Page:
Helping hands:: Residents from Halaban village plant trees on critical land at the national park. JP/Indra Harsaputra Director of the Aceh branch of the Indonesian Environment Forum (Walhi), Teuku Muhammad Zulfikar, said the clean water crisis had affected people not only in North Sumatra but also the Leuser ecosystem zone (KEL) in Aceh. Thousands of people in Aceh are threatened by this crisis, which has the potential for a clean-water and food-chain conflict between different communities and between humans and animals.
“The clean water crisis has resulted from not only forest conversion into estates but also the entry of mines into the protected forest of the Leuser ecosystem zone,” he maintained. Data from the Aceh Mining and Energy Office show that 40 mining companies have secured business licenses in Nagan Raya, South Aceh, Southwest Aceh and Singky, all areas within the KEL. “Dozens of illegal gold miners in Aceh have entered this zone like the Alue Tringgadeng protected forest, Lebah Sabil district and Southwest Aceh regency,” said Zulfikar.
Owing to forest squatting, collaborative reports from the government and several NGOs, such as PanEco Swiss, the Ekosistem Lestari Foundation (YEL) and the Frankfurt Zoological Society (FZS) of Germany, have revealed that in the past two to three years, Sumatran orangutans have been caught in oil palm estates on the North Sumatra — Aceh border.
The Orangutan Information Center (OIC) said the total number of orangutans killed and captured in the KEL for illegal trading reached 300 annually including other primates, such as gibbons and macaques. Founding director of the OIC, Panut Hadisiswoyo, said the primates were seen as a threat to the estates while, in fact, orangutans were among the world’s 25 most endangered primates as declared by the International Union for the Conservation of Nature (IUCN).
“Estate workers see orangutans as searching for food while these primates enter the estates after their habitat has been destroyed,” he said, adding that Sumatran orangutans were illegally sold for US$5,000 each in Singapore, while other primates in Indonesia fetched around Rp150,000 (US$15.9) each.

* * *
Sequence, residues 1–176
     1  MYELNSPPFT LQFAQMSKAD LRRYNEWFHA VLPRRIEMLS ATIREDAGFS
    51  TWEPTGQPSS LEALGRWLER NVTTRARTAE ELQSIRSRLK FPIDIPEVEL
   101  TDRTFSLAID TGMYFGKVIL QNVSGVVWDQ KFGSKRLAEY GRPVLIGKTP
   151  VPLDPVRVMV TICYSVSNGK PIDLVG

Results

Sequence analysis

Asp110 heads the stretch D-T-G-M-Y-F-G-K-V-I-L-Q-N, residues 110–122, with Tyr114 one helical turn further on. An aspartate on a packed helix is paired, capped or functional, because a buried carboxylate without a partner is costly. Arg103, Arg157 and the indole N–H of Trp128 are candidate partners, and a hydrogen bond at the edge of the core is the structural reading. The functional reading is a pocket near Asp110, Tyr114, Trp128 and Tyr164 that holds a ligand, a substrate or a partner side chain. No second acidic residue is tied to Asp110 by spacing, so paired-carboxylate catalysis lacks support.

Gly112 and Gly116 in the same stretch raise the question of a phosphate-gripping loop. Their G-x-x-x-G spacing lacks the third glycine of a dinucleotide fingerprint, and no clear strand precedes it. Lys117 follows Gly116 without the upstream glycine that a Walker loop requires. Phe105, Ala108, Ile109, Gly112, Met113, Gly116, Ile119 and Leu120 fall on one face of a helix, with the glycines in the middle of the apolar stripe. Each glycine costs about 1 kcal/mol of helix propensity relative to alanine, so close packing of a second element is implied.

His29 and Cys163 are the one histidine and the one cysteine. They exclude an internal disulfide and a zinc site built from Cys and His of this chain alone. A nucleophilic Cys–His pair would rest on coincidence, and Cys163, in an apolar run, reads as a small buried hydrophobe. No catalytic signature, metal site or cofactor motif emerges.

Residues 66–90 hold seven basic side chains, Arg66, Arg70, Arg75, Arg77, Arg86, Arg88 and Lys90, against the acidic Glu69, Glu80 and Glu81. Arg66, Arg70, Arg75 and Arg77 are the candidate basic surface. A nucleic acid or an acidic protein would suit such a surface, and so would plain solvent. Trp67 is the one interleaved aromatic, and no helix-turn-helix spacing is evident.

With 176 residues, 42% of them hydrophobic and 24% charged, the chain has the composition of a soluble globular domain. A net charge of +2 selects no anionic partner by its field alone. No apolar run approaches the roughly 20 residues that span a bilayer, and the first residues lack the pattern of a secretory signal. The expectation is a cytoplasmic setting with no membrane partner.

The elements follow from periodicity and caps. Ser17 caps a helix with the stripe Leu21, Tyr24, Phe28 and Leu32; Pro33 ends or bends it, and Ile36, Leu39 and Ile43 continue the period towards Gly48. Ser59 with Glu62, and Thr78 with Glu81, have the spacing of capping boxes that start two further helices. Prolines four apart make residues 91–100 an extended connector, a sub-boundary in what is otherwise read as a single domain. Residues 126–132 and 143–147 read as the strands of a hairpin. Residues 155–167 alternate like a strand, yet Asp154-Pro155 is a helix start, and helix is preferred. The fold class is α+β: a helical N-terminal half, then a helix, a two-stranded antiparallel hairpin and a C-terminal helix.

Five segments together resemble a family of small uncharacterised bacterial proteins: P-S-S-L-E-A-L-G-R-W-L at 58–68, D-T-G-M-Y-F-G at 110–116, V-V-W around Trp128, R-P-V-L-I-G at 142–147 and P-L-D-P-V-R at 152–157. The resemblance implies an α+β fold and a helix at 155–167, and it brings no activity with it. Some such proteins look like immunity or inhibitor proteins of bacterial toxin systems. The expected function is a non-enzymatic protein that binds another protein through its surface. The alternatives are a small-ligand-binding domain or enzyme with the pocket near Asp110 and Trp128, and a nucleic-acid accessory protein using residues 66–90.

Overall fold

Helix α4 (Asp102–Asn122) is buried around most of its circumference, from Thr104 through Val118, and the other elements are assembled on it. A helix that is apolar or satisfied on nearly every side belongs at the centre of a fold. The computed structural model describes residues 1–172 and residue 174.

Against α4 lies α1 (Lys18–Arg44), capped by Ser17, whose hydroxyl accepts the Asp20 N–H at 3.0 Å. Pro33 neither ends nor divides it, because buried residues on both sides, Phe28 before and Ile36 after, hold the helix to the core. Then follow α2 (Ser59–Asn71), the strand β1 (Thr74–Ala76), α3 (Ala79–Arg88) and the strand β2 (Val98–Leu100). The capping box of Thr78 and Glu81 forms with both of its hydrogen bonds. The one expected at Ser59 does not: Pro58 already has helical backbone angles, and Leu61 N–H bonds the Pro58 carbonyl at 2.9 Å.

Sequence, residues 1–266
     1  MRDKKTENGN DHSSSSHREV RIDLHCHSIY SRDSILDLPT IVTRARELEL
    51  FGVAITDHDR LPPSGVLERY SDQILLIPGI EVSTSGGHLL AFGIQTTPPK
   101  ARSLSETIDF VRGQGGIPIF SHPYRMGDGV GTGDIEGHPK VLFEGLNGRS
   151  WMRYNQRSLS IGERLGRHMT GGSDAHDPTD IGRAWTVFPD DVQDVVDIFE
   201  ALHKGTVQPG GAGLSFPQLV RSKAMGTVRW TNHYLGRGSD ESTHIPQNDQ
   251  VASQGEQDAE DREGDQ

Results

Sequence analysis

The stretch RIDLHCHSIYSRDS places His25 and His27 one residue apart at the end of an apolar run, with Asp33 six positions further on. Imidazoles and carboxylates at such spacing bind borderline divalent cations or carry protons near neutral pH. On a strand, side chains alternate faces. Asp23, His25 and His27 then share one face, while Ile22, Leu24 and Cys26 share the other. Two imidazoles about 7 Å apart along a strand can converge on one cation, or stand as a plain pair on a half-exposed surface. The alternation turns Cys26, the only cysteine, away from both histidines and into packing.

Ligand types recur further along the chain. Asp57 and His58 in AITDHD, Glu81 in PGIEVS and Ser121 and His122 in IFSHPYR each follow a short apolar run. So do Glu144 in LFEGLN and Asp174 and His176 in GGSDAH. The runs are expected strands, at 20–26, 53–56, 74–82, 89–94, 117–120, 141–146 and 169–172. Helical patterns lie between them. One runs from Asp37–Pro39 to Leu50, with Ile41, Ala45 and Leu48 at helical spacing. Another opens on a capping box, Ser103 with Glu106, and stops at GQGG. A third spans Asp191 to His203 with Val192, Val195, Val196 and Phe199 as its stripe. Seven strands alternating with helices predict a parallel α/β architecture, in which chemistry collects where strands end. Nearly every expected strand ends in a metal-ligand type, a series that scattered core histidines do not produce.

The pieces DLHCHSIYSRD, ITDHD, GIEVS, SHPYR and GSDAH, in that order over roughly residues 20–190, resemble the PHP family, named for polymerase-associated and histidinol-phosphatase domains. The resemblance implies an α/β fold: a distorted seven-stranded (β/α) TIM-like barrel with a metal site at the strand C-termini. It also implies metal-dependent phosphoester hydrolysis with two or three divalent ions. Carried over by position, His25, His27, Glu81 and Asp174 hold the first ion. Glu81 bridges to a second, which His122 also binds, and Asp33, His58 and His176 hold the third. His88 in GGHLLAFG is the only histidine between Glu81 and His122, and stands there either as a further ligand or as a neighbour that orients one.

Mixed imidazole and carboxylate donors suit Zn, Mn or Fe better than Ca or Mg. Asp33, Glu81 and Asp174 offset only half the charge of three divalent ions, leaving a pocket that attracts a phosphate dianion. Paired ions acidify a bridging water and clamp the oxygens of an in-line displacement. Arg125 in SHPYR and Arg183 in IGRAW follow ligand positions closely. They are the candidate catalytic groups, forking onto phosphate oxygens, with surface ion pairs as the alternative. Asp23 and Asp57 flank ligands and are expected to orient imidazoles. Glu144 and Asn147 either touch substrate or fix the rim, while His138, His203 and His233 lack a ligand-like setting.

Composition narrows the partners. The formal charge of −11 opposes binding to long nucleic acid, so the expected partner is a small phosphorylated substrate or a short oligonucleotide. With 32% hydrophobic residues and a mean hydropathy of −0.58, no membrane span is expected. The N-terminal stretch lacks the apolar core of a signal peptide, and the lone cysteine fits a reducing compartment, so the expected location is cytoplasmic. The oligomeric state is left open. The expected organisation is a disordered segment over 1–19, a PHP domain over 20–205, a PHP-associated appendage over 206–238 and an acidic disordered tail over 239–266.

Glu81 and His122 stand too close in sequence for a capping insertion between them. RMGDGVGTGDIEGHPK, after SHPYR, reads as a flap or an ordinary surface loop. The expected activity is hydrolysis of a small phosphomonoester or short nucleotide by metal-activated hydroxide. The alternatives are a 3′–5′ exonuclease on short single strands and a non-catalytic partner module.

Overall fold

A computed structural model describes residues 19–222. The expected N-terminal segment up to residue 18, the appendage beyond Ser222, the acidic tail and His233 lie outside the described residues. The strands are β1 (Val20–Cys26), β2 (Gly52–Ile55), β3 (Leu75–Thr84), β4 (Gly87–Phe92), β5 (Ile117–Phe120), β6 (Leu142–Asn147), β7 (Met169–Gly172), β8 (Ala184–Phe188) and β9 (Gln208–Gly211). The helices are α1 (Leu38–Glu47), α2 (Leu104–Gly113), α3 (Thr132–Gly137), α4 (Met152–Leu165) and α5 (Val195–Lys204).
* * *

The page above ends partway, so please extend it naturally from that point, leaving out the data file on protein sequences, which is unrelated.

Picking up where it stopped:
Ecotourism:: A group of tourists enjoy the beauty of the national park from the Leuser River.“The government hasn’t yet obliged palm oil companies to restore the damaged habitat in Leuser,” Panut indicated. Besides orangutans, Sumatran rhinos in Leuser, Way Kambas and Bukit Barisan National Park have also declined in population numbers to between 210 and 275, from the previous level of between 420 and 875.
The high rate of forest destruction in Indonesia led to the prediction by the World Water Forum II in The Hague in March 2000 that Indonesia was one of several countries that would experience a water crisis in 2025. With the lack of Indonesia’s commitment to nature conservation, the US through its Environmental Protection Agency (EPA) issued in 2012 a Notice of Data Availability (NODA) concerning oil palm-
induced carbon emissions, while considering the oil palm unsuitable for use in US biofuel production.
“We hope the government will seriously handle conservation in Leuser as President Susilo Bambang Yudhoyono has declared 2012 the year of the rhino,” said a member of the board of directors with the Leuser International Foundation, Jamal M Gawi. Executive director of the Indonesian Palm Oil Producers’ Association (GAPKI), Fadhil Hasan, said all palm oil companies in Indonesia would be committed to the environment and act in compliance with government regulations.
— JP/Indra Harsaputra